Omaha sends a cardiac patient bill for the remainder of the cost of the ambulance ride

OMAHA, Neb. (WOWT) – In the panic of a life and death emergency, most wouldn’t worry about the cost of an ambulance. However, there is a fee for a rescue team, and some health insurances may not cover the entire bill.

Now a patient owes the city money even though he has full cover.

“I went to my house and felt light-headed,” said heart patient Randall Sedlak. “I knew something was really wrong.”

With a history of heart problems, Sedlak feared that his time was up. He called 9-1-1 during an episode a few months ago and an Omaha Fire and Rescue team arrived quickly to take him to a hospital.

Fortunately, his medical emergency didn’t turn out to be serious, but Sedlak said his blood pressure skyrocketed when he went to the mailbox and found an Omaha city bill for the ambulance because his insurance company didn’t pay for it all.

The city charged him $ 985 for the call, but Bright HealthCare insurance doesn’t pay that much, so Sedlak has a bill of nearly $ 400 to cover.

“But I had hit my pocket out of pocket before the 9-1-1 call, so I knew I should be 100% covered. Of course I’ll call 9-1-1 and get help right away, ”he said.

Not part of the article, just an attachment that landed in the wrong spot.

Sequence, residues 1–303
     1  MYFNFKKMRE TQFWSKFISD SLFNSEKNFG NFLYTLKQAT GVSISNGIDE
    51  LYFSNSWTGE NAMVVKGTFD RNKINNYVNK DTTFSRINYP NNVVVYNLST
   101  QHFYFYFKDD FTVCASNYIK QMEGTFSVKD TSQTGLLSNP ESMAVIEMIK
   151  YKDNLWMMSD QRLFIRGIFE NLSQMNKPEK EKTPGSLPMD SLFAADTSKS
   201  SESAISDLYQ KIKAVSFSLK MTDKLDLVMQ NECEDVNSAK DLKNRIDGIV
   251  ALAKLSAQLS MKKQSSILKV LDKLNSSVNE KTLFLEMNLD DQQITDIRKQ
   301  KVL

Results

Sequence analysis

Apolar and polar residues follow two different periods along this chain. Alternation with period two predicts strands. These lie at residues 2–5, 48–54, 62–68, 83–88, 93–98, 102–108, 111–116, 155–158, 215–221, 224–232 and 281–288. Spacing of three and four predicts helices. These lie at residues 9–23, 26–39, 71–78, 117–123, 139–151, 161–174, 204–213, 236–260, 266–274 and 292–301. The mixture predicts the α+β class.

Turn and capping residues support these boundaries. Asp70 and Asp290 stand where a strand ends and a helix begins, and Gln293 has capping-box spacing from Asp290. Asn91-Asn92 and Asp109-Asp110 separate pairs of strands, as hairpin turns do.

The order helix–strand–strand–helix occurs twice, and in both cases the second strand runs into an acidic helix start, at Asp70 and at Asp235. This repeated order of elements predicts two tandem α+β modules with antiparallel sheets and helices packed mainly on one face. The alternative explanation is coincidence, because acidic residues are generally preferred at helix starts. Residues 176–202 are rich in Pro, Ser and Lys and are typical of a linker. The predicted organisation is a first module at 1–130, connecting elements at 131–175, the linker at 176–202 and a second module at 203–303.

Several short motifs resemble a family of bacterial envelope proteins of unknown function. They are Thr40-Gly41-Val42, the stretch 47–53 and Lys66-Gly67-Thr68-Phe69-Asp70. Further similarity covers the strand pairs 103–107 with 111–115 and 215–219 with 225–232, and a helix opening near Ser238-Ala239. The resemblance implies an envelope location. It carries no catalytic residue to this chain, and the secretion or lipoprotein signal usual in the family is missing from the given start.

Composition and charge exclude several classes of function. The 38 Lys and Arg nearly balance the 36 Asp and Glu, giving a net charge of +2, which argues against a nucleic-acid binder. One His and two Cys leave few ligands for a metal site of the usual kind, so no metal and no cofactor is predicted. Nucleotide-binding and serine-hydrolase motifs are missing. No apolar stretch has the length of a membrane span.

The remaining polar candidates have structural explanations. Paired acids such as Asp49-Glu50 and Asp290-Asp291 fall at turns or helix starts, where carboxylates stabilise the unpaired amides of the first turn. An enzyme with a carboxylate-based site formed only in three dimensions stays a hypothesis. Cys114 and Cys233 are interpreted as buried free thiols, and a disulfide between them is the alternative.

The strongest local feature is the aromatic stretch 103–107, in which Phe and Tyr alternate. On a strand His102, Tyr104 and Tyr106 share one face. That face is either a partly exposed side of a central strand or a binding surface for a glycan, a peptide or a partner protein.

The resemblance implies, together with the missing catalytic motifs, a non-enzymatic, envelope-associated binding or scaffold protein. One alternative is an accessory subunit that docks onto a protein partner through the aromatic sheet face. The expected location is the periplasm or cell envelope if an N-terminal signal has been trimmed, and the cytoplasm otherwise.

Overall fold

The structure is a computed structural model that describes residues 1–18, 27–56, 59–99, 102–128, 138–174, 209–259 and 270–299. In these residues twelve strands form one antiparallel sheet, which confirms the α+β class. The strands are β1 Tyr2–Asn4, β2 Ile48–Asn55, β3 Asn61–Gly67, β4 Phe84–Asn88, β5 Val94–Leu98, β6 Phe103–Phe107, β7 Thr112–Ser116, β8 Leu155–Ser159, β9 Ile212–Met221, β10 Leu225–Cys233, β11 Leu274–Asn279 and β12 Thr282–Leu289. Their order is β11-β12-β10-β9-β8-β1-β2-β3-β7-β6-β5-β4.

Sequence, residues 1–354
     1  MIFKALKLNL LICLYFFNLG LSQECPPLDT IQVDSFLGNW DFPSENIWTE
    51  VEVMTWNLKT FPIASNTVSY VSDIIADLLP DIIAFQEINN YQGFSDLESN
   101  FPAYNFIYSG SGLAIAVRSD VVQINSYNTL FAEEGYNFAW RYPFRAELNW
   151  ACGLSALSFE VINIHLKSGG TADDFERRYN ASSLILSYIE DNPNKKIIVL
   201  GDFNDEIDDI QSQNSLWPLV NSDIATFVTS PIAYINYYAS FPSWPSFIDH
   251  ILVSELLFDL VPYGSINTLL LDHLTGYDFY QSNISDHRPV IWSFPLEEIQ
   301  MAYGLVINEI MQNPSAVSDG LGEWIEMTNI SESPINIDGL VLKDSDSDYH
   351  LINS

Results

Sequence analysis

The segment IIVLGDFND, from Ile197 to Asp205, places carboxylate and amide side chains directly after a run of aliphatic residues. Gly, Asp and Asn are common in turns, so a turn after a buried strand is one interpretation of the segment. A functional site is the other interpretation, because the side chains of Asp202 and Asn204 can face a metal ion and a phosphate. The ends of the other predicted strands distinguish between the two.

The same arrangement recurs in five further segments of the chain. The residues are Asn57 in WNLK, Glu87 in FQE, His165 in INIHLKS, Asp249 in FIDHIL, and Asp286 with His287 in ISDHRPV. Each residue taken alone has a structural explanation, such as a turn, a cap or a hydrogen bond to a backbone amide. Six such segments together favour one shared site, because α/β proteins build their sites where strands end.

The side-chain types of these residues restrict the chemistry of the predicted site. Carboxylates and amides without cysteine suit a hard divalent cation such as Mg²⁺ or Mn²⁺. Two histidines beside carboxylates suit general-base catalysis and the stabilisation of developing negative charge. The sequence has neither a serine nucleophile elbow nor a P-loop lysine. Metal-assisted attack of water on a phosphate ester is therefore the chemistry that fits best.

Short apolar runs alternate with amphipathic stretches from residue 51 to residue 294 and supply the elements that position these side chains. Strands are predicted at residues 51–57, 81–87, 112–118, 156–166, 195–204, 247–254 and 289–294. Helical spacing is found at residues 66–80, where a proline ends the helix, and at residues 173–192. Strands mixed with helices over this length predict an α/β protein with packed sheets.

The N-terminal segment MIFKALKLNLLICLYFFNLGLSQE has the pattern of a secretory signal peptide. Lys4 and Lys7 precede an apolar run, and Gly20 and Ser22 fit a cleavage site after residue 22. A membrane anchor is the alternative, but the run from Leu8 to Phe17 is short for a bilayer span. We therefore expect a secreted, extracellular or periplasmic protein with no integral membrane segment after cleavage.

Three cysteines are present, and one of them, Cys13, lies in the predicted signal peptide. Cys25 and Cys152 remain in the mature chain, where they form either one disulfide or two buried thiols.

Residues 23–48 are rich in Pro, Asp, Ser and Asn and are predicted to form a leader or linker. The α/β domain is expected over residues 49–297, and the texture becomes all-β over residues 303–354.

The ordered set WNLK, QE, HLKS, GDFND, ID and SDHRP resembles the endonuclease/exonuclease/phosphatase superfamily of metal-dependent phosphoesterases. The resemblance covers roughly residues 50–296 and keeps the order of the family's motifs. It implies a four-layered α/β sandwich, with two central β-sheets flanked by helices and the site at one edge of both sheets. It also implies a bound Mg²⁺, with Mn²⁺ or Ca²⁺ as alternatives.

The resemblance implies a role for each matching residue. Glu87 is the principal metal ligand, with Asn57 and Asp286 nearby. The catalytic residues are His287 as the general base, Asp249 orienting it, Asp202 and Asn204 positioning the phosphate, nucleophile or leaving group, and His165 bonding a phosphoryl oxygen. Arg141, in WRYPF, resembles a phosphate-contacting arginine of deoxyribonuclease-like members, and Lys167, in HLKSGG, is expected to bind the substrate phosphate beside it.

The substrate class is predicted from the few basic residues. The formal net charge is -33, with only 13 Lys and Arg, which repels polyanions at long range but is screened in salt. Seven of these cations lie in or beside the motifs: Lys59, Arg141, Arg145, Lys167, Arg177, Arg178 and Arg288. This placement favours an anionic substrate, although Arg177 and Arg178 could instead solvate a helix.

However, Bright Healthcare does not have a contract with Omaha, so a rescue team call is made outside the network and the insurance carrier only pays 60%.

“I’ll be scared of calling 9-1-1 for medical transport if I think I need to go to the emergency room quickly,” Sedlak said. “I’m going to knock on my neighbors’ doors.”

But friends and family may not take you to the right hospital.

“Survivability is literally decreasing by the minute,” said Dr. Eric Ernest, ER of Nebraska Medicine. “If you end up in the wrong hospital and need an advanced procedure that isn’t available in this hospital and we end up convicting you, all those minutes in between are killing off part of the brain.”

Omaha’s first responders clearing company processes about 600 fees a month, and most insurance companies don’t pay full for some because the city isn’t a participating provider.

“Most agencies are willing to work with people on payment plans,” said Dr. Ernest. “I’m not going to call anyone about their service if I can’t pay for their service.”

The city has a hardship program that is fair and consistent with rescue patients struggling to pay the fees.

Sedlak said he expected Bright’s insurance to cover the entire bill for his transport to the emergency room rather than putting him in financial distress.

“I paid for the insurance,” he said. “I just want what I will come – no more; not less.”

A Bright HealthCare representative confirmed that Sedlak has qualified for full medical emergency coverage. He said the company had been appealed for failing to pay Omaha’s full rate and the lawsuit had been re-filed.

Sedlak said he bought the policy through the Affordable Care Act, so 6 News contacted the federal agency overseeing the program, but they are unable to comment.

A complaint has also been filed with the Nebraska Department of Insurance.

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